These conditions often produce less yield than the volume than 165 standard beer drinks. However, if all factors remains constant and you have a serving professional using tap equipment properly, you can get 156 12oz US glasses & 125 UK pints/20oz imperial glasses per half barrel serve.

Comparing a half barrel keg to other keg sizes

Understanding the variation in keg sizes is crucial for beer enthusiasts. It lets you estimate the beer you can expect from different keg types. 

The table below compares eight common keg types, including their beer holding capacity, dimensions, and volume in U.S. gallons.

Keg TypeVolume (U.S. gallons)Beer Holding Capacity (12oz beers)Dimensions
Half Barrel Keg15.5165Standard size
Quarter Barrel Keg7.7582Smaller size
Sixth Barrel Keg5.2356Smaller size
Cornelius Keg5.053Small and portable

Comparing the half-barrel keg to other keg sizes helps you decide on the appropriate keg size you need to maximize your beer consumption experience. It also clarifies why a half-barrel keg has emerged as a benchmark in the U.S. beer market.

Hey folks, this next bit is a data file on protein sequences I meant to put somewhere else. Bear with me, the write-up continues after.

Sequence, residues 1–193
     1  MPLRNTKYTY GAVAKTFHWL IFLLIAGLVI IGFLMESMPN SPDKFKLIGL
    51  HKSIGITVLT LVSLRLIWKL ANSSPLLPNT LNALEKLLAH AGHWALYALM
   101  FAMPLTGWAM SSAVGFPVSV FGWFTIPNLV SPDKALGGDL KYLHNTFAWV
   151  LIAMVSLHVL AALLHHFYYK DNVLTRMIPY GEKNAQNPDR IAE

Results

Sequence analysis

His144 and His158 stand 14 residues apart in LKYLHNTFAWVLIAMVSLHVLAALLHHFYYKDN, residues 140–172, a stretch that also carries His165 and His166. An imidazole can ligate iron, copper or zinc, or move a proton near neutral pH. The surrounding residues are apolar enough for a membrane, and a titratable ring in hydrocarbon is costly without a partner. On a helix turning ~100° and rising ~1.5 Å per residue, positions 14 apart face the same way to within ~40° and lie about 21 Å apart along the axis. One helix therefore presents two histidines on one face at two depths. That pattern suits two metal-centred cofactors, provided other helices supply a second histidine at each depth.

Why is a keg called a half barrel?

A keg is traditionally called a “half barrel” because it holds half the volume of an actual beer barrel. For many years, breweries used wooden barrels made in standard sizes and units, such as half-barrels (15.5 gallons) or quarter-barrels (7.75 gallons).

Besides their size and purpose for storing beer, half barrels are today the “standard” measure for kegs too. Today, most kegs are stainless steel and have a standard capacity of 15.5 U.S. gallons — equal to 169 12-ounce beers or 124 16-ounce pints.

The half barrel small option is called longnecks or pony cases because their traditional shape is much longer than regular brewery barrels were back in the day. The pony keg, also known as a mini keg or slim quarter keg, is a quarter barrel containing approximately 7.75 US gallons of liquids, equal to 29.33 liters of beer.

Half-barrel stands for ‘1/2 bbl’, indicating its capacity. Compared to other drinking containers like soda cans at 12 ounces or wine bottles at 25 ounces per bottle, a full half-barrel can provide nearly 165 servings of draft beer.